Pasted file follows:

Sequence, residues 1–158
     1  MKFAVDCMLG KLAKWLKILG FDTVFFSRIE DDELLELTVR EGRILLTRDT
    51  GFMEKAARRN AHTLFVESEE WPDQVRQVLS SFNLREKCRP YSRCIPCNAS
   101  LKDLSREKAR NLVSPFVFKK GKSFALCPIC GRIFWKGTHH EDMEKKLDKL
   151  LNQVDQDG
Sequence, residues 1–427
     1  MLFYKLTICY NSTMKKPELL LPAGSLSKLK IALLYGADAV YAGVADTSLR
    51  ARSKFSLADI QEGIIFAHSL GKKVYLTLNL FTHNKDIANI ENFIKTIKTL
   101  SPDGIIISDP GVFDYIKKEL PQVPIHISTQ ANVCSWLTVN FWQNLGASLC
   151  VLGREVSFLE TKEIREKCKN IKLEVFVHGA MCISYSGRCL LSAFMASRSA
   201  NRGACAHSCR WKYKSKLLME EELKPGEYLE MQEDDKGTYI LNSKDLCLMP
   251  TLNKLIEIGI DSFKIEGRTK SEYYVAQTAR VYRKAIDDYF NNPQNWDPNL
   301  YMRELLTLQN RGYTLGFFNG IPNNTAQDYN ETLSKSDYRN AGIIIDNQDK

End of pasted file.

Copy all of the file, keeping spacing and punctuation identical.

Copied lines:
Sequence, residues 1–158
     1  MKFAVDCMLG KLAKWLKILG FDTVFFSRIE DDELLELTVR EGRILLTRDT
    51  GFMEKAARRN AHTLFVESEE WPDQVRQVLS SFNLREKCRP YSRCIPCNAS
   101  LKDLSREKAR NLVSPFVFKK GKSFALCPIC GRIFWKGTHH EDMEKKLDKL
   151  LNQVDQDG
Sequence, residues 1–427
     1  MLFYKLTICY NSTMKKPELL LPAGSLSKLK IALLYGADAV YAGVADTSLR
    51  ARSKFSLADI QEGIIFAHSL GKKVYLTLNL FTHNKDIANI ENFIKTIKTL
   101  SPDGIIISDP GVFDYIKKEL PQVPIHISTQ ANVCSWLTVN FWQNLGASLC
   151  VLGREVSFLE TKEIREKCKN IKLEVFVHGA MCISYSGRCL LSAFMASRSA
   201  NRGACAHSCR WKYKSKLLME EELKPGEYLE MQEDDKGTYI LNSKDLCLMP
   251  TLNKLIEIGI DSFKIEGRTK SEYYVAQTAR VYRKAIDDYF NNPQNWDPNL
   301  YMRELLTLQN RGYTLGFFNG IPNNTAQDYN ETLSKSDYRN AGIIIDNQDK